We regularly hear experts extolling the virtues of sport for young people, particularly as the UK has hit a devastating record for childhood obesity, with nearly 10% of children in their first year of school in England currently being classified as obese. But according to the charity Women in Sport,1.5 million fewer women and girls enjoy the physical, social and health benefits of sport and physical exercise than men.
Madelon Burnett, Director of Sport at Barrow Hills School, a co-educational preparatory school for children aged 2-13 years, provides an insight as to how the School is addressing this national issue and explains why sport is so important for girls from an early age.
Participating in sport encourages girls to be competitive and experience the highs and lows associated with both winning and losing. If children enjoy success, as well as experiencing defeat, on the sports pitch, they will transfer this experience to other aspects of their life, such as maybe not being selected for a job interview or possibly not being nominated for a promotion at work.
Becoming involved in sport helps girls to forge strong friendships. If a girl moves to a new area, joining a sports club at school is a great way to find new friends. Girls who play team sports in particular learn how to interact with others and fine tune their ability to motivate their teammates in a positive way. We actively encourage our girls to play sport for local clubs outside school. Supported by the regular coaching and match play at Barrow Hills, they are more than able to hold their own at a club.
All too often we hear how the young people of today are put under more pressure than previous generations. At Barrow Hills we make a point of valuing a more traditional childhood, where happy memories are created. Sport provides girls with one of many opportunities at school to have fun in a structured way that improves their physical abilities. Knowing that she is good at a given sport increases a girl’s confidence, improving her sense of well-being and overall happiness.
Nurturing sporting talent and helping girls to reach their full potential is essential to encouraging the ethos of the Women in Sport programme. At Barrow Hills, sport makes up a considerable part of the timetable. Girls will participate in five hours a week of coaching in PE and games, including a match afternoon once a week. The girls regularly play netball, hockey and rounders, and we have introduced lacrosse and tennis, in preparation for the move to senior school where both of these sports are popular. Cricket is also on offer to girls at Barrow Hills and there are tournaments for them during the Summer term.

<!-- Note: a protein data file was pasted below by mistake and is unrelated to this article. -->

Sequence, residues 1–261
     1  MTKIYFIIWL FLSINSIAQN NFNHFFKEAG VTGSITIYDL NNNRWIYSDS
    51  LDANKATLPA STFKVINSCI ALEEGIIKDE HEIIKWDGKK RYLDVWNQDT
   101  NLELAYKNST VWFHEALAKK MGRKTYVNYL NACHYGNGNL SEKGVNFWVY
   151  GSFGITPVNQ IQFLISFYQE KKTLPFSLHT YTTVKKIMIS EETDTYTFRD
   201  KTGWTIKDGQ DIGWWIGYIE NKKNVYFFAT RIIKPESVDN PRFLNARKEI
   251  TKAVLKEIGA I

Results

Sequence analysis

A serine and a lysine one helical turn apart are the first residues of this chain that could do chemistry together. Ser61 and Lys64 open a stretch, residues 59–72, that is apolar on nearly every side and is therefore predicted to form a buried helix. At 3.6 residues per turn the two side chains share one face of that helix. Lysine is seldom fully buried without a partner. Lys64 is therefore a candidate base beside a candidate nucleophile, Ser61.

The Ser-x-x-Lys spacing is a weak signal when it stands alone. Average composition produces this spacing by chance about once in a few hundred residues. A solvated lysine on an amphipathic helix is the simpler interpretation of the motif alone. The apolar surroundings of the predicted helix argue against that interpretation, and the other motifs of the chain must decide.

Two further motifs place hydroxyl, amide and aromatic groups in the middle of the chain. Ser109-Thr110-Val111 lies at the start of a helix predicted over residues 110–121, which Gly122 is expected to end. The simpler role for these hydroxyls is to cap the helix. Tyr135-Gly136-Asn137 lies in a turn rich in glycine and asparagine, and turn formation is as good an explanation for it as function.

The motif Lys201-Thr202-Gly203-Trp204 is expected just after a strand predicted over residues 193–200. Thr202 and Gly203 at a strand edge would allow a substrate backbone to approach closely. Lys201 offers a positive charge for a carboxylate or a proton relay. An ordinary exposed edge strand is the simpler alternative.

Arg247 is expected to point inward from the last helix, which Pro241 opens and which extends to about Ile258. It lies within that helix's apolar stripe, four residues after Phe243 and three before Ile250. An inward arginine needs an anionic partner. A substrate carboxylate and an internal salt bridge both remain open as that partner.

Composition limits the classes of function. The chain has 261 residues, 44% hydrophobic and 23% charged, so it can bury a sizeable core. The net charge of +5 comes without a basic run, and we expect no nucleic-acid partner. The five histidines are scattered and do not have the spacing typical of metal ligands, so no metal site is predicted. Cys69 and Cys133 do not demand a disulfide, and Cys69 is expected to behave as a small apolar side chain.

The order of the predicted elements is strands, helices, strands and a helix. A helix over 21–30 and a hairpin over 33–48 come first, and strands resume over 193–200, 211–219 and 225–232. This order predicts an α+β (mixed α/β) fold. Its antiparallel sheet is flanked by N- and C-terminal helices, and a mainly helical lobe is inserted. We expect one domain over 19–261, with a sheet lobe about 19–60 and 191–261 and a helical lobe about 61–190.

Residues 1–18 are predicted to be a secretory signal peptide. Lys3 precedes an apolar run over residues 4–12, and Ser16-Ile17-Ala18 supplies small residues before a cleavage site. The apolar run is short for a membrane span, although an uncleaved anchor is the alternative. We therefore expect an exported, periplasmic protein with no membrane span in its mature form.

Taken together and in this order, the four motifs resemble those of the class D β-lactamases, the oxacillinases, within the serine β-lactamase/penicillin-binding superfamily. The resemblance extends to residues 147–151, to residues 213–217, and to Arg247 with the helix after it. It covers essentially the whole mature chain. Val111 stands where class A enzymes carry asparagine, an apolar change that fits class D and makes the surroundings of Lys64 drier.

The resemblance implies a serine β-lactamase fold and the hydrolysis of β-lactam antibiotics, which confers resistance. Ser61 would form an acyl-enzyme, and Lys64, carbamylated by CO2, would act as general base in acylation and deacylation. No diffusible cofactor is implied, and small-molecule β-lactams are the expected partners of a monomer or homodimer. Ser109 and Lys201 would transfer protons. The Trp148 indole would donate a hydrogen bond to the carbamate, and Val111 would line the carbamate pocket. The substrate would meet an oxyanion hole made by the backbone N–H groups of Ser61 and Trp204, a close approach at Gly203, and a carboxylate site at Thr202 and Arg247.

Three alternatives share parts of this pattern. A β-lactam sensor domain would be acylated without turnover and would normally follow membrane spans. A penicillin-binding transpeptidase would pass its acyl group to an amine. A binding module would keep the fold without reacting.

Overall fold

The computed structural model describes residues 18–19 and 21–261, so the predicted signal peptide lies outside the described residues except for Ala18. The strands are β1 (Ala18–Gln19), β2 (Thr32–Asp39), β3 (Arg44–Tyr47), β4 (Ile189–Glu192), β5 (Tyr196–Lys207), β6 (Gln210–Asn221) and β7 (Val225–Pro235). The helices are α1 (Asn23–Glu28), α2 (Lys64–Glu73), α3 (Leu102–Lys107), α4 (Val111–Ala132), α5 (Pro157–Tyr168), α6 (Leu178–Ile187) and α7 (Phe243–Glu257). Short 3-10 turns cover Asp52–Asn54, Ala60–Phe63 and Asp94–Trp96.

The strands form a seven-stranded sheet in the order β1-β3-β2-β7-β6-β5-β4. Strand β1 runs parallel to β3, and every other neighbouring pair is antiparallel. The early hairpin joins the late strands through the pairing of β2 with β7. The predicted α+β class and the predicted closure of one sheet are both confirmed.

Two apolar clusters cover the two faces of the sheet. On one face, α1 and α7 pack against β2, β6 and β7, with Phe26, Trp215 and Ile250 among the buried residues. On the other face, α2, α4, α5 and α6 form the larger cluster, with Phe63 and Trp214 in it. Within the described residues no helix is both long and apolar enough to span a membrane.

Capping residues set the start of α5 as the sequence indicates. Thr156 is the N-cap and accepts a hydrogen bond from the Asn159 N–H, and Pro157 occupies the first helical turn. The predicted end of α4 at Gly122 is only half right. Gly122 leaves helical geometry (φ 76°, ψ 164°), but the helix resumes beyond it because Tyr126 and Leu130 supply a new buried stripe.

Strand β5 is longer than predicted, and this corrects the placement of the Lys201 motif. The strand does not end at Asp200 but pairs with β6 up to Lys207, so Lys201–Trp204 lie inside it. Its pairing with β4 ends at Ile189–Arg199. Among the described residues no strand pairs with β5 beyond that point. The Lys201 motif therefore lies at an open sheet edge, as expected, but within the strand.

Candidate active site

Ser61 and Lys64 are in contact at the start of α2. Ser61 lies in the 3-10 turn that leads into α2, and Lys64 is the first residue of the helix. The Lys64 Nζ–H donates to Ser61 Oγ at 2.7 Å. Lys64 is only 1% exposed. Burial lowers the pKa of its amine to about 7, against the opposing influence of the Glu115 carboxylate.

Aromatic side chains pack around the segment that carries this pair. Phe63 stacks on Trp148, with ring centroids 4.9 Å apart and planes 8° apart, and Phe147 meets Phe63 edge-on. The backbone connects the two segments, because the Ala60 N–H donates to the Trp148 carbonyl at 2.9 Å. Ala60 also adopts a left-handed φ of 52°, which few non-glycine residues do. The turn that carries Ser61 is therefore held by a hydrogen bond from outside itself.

Sport is not always played as part of the timetable within schools. Break time often represents an opportunity to let off steam in the playground but at Barrow Hills we noticed that the girls were losing out on space to play sport. We encourage our girls to use the playground space to practice their netball skills. We are also trialling a new mixed hockey initiative, where it is anticipated that girls and boys will train together, undertake the same trials and play in mixed teams.
As Barrow Hills is partnered with King Edward’s Witley, our girls have the opportunity to experience the fantastic sports facilities of this established independent senior (day and boarding) school, which caters for girls and boys aged 11-18. The girls have full access to a brand-new netball court, excellent swimming pool, squash courts, fitness centre and extensive sports fields and astro turf where the thriving King Edward’s Witley Girls’ football team trains.
The ‘This Girl Can’ campaign run by Sport England sets out to tell the real story of women who exercise and play sport. Sport England CEO Jennie Price, says
The figures on participation are crystal clear. There is a significant gender gap with more men than women exercising or playing sport regularly. I believe we can tackle this gap, because our research shows that 75% of women would like to do more.
At Barrow Hills, we are playing an active role in achieving this goal.
 Source NHS National Child Measurement Programme 2015-2016